Origanum vulgar ssp vulgare
'Dr. Ietswaart'
Golden Oregano

"The cabbage
Dedicated itself
To trying on skirts,
The oregano
To perfuming the world."

-Pablo Neruda


This oregano cultivar was purchased years back with the name "Dr. Letswaart" clearly printed on the fancy-dancy full-color nursery tag. But that was a typographical error resulting from a common misreading of "Ietswaart" which has a capital "I" not an "L," which would mean it is named after J. H. Ietswaart, who has written a good deal on the topic of oregano & marjoram.

OreganoAn attractive groundcover with wrinkly yellow or yellow-green leaves clumps five to eight inches tall. Summer flowers are palest pink on twelve-inch stems, most numerous in August. As an ornamental it is a first-rate edging plant. As a culinary herb it has a mild pleasant flavor either fresh for salads, cooked in soups or cassaroles or stir-fry, or dried & crumbled for use out of season.

Easily propagated from cuttings or by division, it wants well-drained moderately fertile soil in full sun & not too droughty. It's cold-hardy at minus 20 to minus 10 degrees F.

It has become our standard oregano for pan-fried breakfasts, pot-boiled soups, & cassaroles. We've planted many oreganos over the years, but this one returns every year vibrant & fresh, tasty as can be, & recovers so quickly from sheering a bit off it every day for the kitchen that it never looks bitten into.

Oregano is one of the most important culinary herbs to come out of the Mediterranean region. A spice arsenal with nothing but oregano & basil could well be sufficient to make any cook seem a genius. It is a true healthfood rich in antioxidants, the plant's essential oils having antimicrobial & antifungal components, besides simply looking good & tasting good.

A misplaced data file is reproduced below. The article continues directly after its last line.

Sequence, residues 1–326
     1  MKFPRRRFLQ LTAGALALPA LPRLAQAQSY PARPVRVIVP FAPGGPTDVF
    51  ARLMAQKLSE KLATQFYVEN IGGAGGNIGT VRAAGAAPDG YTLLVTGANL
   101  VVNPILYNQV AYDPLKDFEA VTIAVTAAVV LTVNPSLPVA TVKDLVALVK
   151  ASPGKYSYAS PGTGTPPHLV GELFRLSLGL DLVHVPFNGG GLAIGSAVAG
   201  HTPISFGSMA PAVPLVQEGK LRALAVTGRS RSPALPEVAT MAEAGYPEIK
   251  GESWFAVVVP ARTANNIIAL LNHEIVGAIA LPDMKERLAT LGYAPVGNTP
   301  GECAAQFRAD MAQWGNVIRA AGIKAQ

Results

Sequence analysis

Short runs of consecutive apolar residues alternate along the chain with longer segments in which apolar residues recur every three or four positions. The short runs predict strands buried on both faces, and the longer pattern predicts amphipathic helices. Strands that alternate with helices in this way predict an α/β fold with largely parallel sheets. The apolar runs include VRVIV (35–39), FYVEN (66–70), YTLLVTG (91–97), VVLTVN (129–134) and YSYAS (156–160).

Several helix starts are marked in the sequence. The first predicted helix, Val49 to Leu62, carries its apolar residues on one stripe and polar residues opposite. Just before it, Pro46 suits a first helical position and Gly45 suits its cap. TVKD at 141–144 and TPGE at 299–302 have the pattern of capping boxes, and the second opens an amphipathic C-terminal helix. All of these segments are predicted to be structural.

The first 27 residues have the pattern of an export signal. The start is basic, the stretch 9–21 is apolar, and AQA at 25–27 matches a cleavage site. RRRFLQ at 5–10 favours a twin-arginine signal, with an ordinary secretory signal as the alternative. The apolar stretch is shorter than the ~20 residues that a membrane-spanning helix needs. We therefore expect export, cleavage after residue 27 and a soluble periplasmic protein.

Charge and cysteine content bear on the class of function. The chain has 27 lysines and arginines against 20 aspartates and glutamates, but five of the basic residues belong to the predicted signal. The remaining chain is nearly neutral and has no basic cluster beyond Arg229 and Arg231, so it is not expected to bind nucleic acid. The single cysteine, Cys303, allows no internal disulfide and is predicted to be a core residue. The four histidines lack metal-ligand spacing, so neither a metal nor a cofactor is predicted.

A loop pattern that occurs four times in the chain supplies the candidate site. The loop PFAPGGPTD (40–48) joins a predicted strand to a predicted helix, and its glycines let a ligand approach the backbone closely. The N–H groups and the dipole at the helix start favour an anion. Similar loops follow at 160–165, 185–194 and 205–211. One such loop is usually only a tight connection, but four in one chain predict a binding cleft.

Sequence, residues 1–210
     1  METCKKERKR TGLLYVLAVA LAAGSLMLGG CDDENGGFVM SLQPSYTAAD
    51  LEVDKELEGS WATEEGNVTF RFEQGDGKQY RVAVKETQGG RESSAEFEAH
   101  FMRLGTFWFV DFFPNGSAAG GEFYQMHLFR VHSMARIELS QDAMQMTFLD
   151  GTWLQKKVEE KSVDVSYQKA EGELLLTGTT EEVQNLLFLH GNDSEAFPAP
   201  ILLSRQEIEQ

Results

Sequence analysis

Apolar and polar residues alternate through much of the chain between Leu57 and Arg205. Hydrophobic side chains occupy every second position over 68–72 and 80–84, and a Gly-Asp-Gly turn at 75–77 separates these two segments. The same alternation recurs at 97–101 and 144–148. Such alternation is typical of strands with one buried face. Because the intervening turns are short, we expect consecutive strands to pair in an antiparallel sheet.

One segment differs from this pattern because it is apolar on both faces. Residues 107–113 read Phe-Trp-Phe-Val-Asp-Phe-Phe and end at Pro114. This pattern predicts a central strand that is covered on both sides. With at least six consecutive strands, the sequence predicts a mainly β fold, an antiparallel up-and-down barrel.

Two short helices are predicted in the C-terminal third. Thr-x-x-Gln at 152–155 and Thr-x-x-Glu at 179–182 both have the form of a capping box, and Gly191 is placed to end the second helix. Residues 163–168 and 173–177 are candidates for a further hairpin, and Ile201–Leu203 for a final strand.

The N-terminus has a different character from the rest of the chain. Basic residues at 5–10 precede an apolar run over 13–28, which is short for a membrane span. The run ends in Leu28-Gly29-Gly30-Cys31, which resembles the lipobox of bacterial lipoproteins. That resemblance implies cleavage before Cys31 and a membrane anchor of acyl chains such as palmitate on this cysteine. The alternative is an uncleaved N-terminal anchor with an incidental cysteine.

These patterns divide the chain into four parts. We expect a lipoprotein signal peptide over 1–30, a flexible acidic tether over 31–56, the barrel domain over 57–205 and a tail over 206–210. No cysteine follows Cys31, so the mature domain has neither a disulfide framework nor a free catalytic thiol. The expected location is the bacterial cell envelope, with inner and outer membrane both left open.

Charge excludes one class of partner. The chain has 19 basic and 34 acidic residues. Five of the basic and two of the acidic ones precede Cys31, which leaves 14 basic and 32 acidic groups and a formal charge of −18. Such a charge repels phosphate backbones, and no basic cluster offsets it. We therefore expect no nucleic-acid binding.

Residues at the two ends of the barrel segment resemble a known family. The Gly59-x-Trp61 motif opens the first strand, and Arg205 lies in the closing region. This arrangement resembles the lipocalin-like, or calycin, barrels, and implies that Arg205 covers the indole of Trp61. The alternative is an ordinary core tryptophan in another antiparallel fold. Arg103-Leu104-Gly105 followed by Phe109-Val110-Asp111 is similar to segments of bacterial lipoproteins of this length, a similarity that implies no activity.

But oregano's legacy is not entirely pure of heart, for it has also been used in herbal combinations to abort unwanted pregnancies, either eaten in great quantities or prepared as a tonic taken several times a day to induce miscarriage. A South American abortant called Carachipita, available over-the-counter, contains pennyroyal (Mentha pulegium), yerba de la perdiz (Margiricarpus pinnatus), oregano (Origanum vulgare), & guaycuri or marsh rosemary (Statice brasiliensis).

In the United States Carachipita is obtainable over the internet, or nearly identical equivalents are prepared by herbalists & homeopathic poisoners. It is sold under the pretence that it corrects irregular menstrual cycles & is healthful for the uterus & ovaries. This pretended value helps alternative-medicine practitioners avoid deserved imprisonment even while the actual purpose is to end pregnancies without qualified medical oversight, threatening the life of the mother.

Piligan or Cola de quirquincho (Lycopodium saururus), parsley (Petroselinum hortense), fennel (Foeniculum vulgare), celery (Apium graveolens), floripan (Datura arborea), sticky nightshade (Solanum sisymbriifolium), leopard's bane (Arnica montana), burdock/bardana root (Arctium lappa), & ruda or fringed rue (Ruta chalepensis/graveolens) are likewise used with surprising efficacy, for herbal abortants definitely do the trick.

Alas, herbal abortants are also associated with fatal poisoning or with women bleeding to death following induced miscarriage. Death as a side-effect of herb-induced abortion is especially associated with use of fringed rue, leopard's bane, Arctium, & with the South American herbal "remedy" Carachipita, though of course the latter's inclusion of oregano is not the ingredient that kills mothers.


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